The accuracy of the smartphone apps varies depending on the method used, and there is even significant variation within the two subtypes. For example, in a study by Coppetti et al.,14 which tested four iOS apps in comparison to standard pulse oximetry and ECG, the non-contact apps performed significantly worse than the contact apps, and one contact app was significantly less accurate than the other. The paper suggests that possible reasons for the differences are the quality of the cameras used (as some required the use of the lower quality front-facing camera). As camera quality in smartphones is constantly improving, this application may also become more accurate. There were very few participants with pre-existing arrhythmias or comorbidities, so more research would be necessary to assess the validity of such apps in the context of pathology.

Smartphone-based contact PPG HR monitoring with the Cardiio Rhythm app has been evaluated as a tool for AF screening in primary care.15 The app showed high sensitivity and negative predictive value compared to 12-lead ECG (although positive predictive power was low at 53.1%). This study was carried out in a large, heterogeneous group with comorbidities. This type of technology may provide opportunities as a low-cost method of AF screening.

Applying the apps

There are clinical situations where the patient’s own HR recordings can be useful to aid diagnosis. It may provide data to correlate with symptoms and suggest an arrhythmic cause.

Doris - Figure 1. A. Garmin heart rate data when cycling shows a gradual increase in heart rate consistent with sinus tachycardia and a rapid drop in heart rate from 150 bpm to 75 bpm associated with syncope. B. Exercise electrocardiogram (ECG) demonstrating onset of 2:1 heart block on exercise
Figure 1. A. Garmin heart rate data when cycling shows a gradual increase in heart rate consistent with sinus tachycardia and a rapid drop in heart rate from 150 bpm to 75 bpm associated with syncope. B. Exercise electrocardiogram (ECG) demonstrating onset of 2:1 heart block on exercise

Figure 1A shows the HR monitoring data using a chest strap-based Garmin monitor from a 56-year-old man with a history of brief syncopal and presyncopal episodes occurring while cycling. The HR monitor demonstrates a sudden halving in recorded HR on exercise from approximately 150 bpm to 75 bpm around the time of his symptoms. We carried out an exercise test, which demonstrated 2:1 heart block (figure 1B) developing when he reached a sinus rate of 118 bpm, which resolved in recovery. His symptoms disappeared after implantation of a pacemaker.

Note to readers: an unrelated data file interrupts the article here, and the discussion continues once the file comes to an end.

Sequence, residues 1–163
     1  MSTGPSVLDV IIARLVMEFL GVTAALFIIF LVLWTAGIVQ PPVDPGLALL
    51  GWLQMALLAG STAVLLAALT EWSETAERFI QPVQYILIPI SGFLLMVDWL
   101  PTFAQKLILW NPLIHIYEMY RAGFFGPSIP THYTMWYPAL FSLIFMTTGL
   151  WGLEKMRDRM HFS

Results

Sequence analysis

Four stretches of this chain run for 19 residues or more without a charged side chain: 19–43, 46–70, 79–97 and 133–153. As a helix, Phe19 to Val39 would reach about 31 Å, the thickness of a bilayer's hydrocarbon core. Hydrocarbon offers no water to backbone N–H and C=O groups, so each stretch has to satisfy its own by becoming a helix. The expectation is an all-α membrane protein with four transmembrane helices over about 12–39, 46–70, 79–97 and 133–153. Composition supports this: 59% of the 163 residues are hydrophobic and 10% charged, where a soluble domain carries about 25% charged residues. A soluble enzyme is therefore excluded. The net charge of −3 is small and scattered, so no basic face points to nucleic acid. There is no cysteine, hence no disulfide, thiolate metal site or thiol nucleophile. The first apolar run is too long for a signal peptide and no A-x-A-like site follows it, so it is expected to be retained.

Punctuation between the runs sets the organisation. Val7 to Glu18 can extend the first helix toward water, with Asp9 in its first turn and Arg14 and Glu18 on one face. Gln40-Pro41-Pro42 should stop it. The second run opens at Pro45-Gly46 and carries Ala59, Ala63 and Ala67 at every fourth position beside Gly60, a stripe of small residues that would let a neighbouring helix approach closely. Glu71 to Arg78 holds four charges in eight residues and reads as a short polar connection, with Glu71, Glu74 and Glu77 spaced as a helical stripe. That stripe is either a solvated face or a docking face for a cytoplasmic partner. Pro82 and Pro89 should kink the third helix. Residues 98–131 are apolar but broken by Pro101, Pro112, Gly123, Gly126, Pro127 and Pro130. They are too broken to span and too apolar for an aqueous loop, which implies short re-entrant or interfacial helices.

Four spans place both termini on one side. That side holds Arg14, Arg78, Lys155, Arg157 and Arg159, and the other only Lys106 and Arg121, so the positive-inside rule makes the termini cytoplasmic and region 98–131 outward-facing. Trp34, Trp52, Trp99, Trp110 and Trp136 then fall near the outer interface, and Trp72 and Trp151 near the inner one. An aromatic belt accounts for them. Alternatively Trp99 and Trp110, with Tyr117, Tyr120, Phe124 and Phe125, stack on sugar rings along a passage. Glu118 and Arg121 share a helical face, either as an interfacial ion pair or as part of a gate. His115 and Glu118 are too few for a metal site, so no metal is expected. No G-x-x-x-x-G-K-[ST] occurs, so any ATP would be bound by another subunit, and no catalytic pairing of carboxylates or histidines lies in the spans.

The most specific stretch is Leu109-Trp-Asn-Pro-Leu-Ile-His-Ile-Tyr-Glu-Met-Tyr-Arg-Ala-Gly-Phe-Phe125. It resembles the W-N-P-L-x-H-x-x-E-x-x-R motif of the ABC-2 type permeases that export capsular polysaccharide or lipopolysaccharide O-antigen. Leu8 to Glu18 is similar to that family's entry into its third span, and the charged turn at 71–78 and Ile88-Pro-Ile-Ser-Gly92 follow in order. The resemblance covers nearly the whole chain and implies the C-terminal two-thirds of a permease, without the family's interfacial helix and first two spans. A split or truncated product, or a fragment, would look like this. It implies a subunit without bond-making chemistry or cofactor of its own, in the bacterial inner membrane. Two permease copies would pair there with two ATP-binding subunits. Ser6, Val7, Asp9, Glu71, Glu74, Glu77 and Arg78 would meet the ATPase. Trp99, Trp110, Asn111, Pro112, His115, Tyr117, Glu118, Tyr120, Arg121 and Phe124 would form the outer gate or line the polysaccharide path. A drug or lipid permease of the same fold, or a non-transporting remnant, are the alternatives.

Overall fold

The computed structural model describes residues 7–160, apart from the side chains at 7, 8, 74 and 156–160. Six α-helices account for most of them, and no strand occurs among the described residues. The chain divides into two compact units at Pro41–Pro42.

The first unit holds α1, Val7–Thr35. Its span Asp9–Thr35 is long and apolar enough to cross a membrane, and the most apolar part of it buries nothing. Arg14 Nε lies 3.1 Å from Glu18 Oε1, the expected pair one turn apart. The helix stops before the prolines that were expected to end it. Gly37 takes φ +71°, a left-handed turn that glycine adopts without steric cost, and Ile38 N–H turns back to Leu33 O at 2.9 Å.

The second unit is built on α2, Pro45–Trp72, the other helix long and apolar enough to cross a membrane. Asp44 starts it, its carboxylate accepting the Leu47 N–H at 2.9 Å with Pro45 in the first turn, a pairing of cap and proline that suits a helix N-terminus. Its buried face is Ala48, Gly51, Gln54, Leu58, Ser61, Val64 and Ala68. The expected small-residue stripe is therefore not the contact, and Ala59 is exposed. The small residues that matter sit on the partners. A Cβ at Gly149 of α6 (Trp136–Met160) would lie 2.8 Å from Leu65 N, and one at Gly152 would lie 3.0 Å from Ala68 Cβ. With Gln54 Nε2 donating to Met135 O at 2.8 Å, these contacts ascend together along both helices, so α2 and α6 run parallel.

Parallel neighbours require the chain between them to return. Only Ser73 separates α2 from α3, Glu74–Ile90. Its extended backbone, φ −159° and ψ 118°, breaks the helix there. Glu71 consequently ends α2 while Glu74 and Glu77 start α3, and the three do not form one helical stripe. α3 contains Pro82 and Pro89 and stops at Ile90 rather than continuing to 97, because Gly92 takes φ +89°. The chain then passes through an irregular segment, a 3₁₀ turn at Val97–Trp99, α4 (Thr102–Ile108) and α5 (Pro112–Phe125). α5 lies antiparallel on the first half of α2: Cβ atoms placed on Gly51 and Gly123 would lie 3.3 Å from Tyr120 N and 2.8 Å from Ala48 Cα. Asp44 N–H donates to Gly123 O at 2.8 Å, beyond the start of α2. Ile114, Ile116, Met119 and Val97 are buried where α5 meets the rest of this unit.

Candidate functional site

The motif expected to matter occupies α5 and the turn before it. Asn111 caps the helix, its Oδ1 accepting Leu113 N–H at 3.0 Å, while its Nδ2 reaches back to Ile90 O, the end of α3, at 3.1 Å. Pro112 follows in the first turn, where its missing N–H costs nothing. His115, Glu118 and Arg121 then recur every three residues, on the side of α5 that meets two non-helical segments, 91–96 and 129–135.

Doris - Figure 2. Heart rate data recorded on a Fitbit in a patient with palpitations showing a rapid, brief increase in heart rate to approximately 200 bpm
Figure 2. Heart rate data recorded on a Fitbit in a patient with palpitations showing a rapid, brief increase in heart rate to approximately 200 bpm

Figure 2 shows HR data from a 47-year-old woman with a 10-year history of palpitations for which she had not sought medical attention. She had recently started wearing a Fitbit and this demonstrated a sudden onset brief episode of tachycardia at a rate of approximately 195 bpm coinciding with her symptoms at a party. A local GP, also at the party, confirmed a similar HR on manual palpation. A transthoracic echo was normal, making the most likely diagnosis a supraventricular tachycardia (SVT). After being informed of this, she declined further treatment or investigation as she was not troubled by her symptoms. The data here allowed us to acknowledge that there is a likely genuine rhythm disorder and if her symptoms worsen we will be able to take appropriate steps.

Another potential application of wearable technology is in the clinical situation of AF of presumed recent onset. It is often difficult to be certain about the rhythm onset, which may have implications regarding decisions about acute cardioversion of AF lasting less than 48 hours. Supportive HR data from a wearable device can provide reassurance. Rudner et al.16 describe the use of a patient’s Fitbit data to confirm AF onset in a minimally symptomatic patient who had presented in AF following a seizure.